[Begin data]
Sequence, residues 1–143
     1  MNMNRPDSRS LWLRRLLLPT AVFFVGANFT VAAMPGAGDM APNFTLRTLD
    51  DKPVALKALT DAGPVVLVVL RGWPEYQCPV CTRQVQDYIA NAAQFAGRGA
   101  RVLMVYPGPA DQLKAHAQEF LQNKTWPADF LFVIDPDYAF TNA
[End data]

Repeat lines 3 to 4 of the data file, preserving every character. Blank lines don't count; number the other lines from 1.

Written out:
    51  DKPVALKALT DAGPVVLVVL RGWPEYQCPV CTRQVQDYIA NAAQFAGRGA
   101  RVLMVYPGPA DQLKAHAQEF LQNKTWPADF LFVIDPDYAF TNA